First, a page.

Sum­mer smil­ing

Matamata Chronicle - - Farming -

This time of the year is of­ten the start­ing point for body and skin regimes to en­sure ‘‘beach selfie awe­some­ness’’, but have you thought about your smile?

Ap­ple­cross House Den­tists prin­ci­pals Dr Ankush and Dr Swati Ba­jaj say now is the time to pre­pare and that more op­tions are avail­able than ever be­fore.

‘You don’t have to travel out of town for ad­vanced treat­ments now,’’ said Ankush.

‘‘Here at Ap­ple­cross we can whiten your teeth in­of­fice or with a take-home kit, cre­ate ce­ramic ve­neers and re­align loose den­tures.

‘‘Some­thing new we are of­fer­ing is Aligner or­thodon­tic treat­ments. Th­ese are great for both kids and adults be­cause they can­not be seen as they straighten teeth. If you have been afraid to grin come and talk to us – the smile you have been dream­ing of is ab­so­lutely pos­si­ble!’’

Swati also en­cour­ages ex­am­i­na­tions and cleans be­fore the fes­tive sea­son, es­pe­cially for teens re­turn­ing home from univer­sity or poly­tech.

‘‘If a check-up and clean is due, or per­haps a tooth is mis­be­hav­ing, call and make an ap­point­ment now. Noth­ing ru­ins a great hol­i­day like toothache,’’ she said.

Ap­ple­cross House is lo­cated at 1 Meura St and of­fers plenty of park­ing and wheel­chair ac­cess.

Cash, cheques, eft­pos, Visa, Master­card and Q-Card are ac­cepted.

To make an ap­point­ment, call 888 8835. Healthy eat­ing. Not in­ter­ested? Why give up salted caramel, creme brulee, spicy chorizo or triple-cooked pota­toes in duck fat?

Nu­tri­tion sci­ence has moved on from the 99.9 per cent fat-free, fat-pho­bic era to a more mod­er­ate ap­proach that in­cludes a bet­ter un­der­stand­ing of nutrige­nomics, or eat­ing ac­cord­ing to your ge­netic blue­print.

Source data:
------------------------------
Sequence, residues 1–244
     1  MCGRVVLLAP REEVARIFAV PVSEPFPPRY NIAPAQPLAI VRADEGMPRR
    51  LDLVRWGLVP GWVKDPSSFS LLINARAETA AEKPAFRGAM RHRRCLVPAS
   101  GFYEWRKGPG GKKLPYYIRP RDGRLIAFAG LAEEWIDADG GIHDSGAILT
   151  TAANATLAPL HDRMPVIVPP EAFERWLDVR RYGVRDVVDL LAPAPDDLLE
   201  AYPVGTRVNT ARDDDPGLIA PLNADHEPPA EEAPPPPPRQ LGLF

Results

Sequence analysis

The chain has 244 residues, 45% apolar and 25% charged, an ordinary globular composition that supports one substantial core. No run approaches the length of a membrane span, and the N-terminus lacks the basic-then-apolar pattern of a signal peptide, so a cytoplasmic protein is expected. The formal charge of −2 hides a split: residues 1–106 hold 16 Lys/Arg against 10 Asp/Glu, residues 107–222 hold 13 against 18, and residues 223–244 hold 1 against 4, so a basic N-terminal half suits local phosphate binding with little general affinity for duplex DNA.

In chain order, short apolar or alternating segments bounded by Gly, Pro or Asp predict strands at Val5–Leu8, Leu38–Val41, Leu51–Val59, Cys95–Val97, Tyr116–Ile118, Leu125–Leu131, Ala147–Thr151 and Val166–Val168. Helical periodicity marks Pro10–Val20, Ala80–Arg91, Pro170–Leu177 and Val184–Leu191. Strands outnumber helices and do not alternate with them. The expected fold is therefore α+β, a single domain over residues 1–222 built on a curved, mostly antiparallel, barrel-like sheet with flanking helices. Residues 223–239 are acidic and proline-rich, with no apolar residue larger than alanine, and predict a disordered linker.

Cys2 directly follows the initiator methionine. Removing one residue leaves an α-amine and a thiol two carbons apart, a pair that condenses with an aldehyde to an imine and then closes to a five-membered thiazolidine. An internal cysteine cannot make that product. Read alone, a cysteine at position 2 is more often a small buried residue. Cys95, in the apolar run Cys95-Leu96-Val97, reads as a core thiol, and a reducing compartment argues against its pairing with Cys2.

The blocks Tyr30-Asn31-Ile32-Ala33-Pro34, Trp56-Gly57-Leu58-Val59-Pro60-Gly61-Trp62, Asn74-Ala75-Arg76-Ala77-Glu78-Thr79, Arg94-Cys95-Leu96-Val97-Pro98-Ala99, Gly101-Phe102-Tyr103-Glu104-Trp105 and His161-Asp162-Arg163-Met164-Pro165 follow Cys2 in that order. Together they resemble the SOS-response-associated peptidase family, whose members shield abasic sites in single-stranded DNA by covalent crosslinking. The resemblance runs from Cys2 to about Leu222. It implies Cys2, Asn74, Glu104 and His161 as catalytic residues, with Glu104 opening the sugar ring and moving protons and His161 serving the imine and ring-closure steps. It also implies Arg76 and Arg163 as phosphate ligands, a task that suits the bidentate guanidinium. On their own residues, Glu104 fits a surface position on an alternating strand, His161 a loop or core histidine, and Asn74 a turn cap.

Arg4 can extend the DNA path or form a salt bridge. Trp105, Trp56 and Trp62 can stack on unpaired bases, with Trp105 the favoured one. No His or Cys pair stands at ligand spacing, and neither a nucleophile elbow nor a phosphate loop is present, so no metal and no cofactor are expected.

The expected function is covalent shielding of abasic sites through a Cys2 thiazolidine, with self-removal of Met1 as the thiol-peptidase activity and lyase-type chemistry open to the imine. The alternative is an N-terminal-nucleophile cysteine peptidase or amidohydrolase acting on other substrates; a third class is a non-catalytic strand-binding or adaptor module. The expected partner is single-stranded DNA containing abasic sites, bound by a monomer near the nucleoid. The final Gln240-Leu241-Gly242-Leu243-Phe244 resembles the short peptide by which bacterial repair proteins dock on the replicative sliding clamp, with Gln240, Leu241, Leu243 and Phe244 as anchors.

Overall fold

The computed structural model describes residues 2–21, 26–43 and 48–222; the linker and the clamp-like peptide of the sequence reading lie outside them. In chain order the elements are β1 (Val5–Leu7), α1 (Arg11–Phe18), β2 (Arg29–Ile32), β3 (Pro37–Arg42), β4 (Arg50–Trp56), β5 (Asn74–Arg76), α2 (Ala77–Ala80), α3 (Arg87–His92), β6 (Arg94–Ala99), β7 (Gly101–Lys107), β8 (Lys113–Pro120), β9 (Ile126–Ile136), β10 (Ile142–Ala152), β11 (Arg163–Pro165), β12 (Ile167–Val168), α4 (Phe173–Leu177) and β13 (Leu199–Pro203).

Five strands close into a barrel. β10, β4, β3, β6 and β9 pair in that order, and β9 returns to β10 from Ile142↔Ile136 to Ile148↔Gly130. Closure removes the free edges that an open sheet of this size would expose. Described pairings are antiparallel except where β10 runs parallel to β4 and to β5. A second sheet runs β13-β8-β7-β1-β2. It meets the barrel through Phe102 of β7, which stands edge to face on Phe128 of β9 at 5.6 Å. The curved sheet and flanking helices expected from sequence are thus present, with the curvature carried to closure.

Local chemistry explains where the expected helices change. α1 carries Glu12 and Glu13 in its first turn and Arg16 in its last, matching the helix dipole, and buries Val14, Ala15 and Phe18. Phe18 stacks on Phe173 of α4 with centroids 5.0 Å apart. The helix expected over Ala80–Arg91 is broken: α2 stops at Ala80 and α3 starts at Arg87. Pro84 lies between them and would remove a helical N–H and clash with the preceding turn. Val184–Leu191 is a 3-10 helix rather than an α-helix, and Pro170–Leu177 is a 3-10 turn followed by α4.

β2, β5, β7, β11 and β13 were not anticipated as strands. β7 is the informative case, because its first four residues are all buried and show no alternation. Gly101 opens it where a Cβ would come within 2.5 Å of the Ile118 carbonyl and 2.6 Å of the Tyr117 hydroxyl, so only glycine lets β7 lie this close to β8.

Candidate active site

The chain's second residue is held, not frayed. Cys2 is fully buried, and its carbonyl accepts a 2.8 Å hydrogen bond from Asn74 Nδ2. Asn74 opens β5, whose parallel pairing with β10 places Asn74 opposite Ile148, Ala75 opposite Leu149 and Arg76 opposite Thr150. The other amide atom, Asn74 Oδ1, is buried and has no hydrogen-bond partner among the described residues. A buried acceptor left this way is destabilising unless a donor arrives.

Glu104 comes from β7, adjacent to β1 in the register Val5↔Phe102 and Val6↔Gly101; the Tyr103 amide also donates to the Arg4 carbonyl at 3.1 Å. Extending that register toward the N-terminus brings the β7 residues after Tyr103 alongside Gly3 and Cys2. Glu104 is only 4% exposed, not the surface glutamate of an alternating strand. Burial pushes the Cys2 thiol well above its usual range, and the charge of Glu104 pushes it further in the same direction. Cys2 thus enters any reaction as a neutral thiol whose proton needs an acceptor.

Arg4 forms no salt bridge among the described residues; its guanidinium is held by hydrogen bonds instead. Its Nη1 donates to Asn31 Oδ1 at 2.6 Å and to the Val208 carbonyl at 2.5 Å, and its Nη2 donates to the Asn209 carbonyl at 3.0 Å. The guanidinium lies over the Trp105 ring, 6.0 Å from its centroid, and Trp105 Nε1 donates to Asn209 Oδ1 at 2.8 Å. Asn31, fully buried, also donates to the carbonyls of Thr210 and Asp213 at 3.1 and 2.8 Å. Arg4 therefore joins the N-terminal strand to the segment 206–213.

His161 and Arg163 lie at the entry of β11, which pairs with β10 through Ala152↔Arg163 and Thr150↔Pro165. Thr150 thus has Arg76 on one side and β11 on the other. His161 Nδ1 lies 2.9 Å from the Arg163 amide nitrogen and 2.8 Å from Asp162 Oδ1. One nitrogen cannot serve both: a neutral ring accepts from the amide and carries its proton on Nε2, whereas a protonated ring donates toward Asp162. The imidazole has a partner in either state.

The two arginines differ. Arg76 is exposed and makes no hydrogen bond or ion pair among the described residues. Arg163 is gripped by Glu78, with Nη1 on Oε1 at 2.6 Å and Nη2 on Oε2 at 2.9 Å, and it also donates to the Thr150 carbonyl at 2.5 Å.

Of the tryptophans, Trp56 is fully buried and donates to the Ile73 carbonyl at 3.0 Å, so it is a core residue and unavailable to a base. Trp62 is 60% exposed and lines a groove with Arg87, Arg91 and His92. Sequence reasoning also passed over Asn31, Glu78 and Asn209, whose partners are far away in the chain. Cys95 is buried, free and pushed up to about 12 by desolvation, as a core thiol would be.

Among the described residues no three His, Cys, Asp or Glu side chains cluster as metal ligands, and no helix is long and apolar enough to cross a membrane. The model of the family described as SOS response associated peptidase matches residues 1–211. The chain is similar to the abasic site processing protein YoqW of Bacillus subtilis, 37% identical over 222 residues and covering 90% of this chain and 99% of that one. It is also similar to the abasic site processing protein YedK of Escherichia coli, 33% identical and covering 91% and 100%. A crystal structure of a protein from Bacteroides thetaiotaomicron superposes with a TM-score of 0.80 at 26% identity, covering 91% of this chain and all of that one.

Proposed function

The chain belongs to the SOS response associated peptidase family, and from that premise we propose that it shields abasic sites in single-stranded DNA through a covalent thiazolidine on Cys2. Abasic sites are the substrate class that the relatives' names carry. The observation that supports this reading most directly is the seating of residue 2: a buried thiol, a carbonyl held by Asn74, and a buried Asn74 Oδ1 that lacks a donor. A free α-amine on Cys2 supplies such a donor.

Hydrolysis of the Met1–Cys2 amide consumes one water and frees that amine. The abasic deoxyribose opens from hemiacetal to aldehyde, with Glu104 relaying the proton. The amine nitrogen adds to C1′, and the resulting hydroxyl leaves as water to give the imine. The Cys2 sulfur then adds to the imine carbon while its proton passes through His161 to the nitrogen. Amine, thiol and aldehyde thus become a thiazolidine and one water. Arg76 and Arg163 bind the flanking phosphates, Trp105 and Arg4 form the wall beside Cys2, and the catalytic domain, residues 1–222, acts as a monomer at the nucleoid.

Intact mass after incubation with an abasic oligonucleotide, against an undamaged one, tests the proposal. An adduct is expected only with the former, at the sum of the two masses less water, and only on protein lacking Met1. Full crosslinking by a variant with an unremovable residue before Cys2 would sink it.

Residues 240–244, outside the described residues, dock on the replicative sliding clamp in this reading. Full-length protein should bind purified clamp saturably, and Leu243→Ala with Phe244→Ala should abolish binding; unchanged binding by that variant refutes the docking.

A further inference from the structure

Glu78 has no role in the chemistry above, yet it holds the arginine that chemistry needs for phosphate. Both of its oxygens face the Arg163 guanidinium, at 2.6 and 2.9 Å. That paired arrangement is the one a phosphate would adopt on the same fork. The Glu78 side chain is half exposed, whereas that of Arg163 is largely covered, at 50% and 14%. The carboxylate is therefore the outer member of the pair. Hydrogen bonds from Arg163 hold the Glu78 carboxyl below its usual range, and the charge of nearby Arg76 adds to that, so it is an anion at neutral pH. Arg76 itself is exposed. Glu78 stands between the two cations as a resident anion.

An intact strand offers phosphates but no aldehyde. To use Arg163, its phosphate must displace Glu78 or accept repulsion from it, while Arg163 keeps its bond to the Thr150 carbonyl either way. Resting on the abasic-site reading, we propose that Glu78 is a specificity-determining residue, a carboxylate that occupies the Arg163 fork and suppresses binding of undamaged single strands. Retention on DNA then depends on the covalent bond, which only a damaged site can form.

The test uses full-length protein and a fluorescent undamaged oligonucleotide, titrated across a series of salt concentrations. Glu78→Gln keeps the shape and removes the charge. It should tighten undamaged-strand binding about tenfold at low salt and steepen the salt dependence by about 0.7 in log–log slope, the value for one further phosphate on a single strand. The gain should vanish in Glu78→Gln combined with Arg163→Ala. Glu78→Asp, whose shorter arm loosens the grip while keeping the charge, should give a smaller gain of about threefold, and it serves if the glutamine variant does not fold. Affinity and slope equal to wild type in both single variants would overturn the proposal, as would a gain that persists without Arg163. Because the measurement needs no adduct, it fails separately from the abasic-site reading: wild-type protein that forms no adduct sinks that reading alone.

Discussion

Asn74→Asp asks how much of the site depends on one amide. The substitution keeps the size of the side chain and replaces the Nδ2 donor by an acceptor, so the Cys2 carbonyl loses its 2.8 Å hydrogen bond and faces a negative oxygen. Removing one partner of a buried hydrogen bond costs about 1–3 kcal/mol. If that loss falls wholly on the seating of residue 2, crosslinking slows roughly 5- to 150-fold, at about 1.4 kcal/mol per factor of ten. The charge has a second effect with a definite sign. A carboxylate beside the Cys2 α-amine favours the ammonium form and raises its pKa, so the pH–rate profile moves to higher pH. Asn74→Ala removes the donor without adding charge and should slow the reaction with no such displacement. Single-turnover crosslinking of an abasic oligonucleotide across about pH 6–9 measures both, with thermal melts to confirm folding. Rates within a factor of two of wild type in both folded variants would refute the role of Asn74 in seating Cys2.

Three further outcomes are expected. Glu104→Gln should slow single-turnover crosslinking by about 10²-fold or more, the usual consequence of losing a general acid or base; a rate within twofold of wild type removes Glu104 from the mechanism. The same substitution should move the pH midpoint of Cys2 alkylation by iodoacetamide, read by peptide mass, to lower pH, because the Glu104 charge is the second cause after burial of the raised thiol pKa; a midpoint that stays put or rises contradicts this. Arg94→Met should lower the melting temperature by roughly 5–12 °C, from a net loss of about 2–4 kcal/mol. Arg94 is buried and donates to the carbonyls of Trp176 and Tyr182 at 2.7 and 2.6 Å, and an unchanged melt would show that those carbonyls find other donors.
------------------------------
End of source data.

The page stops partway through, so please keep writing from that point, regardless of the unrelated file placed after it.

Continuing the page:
There is more than one way to have a healthy diet and there is a per­sonal eat­ing style that can keep you healthy, en­er­getic and feel­ing great yet still in­clude foods you love. The best news? You can make your eat­ing healthier with­out re­ally notic­ing.

Eat what you love

Some foods can el­e­vate our mood by in­creas­ing sero­tonin lev­els in the brain, such as pasta and bread (com­fort carbs); tryp­to­phan-rich dairy milk, yo­ghurt and cheese; and choco­late, which lights up plea­sure cen­tres in the brain more than sex, some say. Ac­cept­ing that there are no ‘‘bad’’ foods, that it all comes down to how much and how of­ten, helps cre­ate a healthy re­la­tion­ship with food.

Eat with all your senses

We eat with our eyes as much as with our nose and taste­buds. Re­search shows the

You’ve prob­a­bly heard you need time for your brain to catch up with your stom­ach.

Sure, you may slow down at a long Sun­day lunch but how of­ten do you eat on the run, in the car or ‘‘al desko’’?

Es­tab­lish a meal­time mantra, such as al­ways sit­ting down to eat and stick to it.

Make ev­ery mouth­ful count

Avoid skip­ping meals and go­ing hun­gry. Blood-su­gar lev­els drop, headaches start, tem­pers fray and fa­tigue sets in mak­ing us likely to suc­cumb to snack­ing, lured to the high-fat, low-nu­tri­tion con­tents of bis­cuits. Eat reg­u­lar meals.

Plan your meals from the ground up

Plant foods are the true health pro­tec­tors but they are also a sneaky way to sat­is­fac­tion. Veg­eta­bles, in par­tic­u­lar, can plump up the vol­ume of food on your plate, with fewer to­tal kilo­joules. Those with high wa­ter con­tent, such as leafy greens, zuc­chini, beans, cu­cum­bers, cap­sicum, bras­si­cas and mush­rooms do this the best.

Driz­zle on the good oils

Make the switch from bad fats to good and healthy oils over but­ter and duck fat that is high in sat­u­rated fat.

Go with the grain

An­cient whole­grains of­fer su­pe­rior nu­tri­tion and im­prove bowel func­tion, im­mu­nity and over­all health.

Photo: SUP­PLIED

Smile: The team at Ap­ple­cross House are ready to help you have the best smile pos­si­ble.

Newspapers in English

Newspapers from New Zealand

© PressReader. All rights reserved.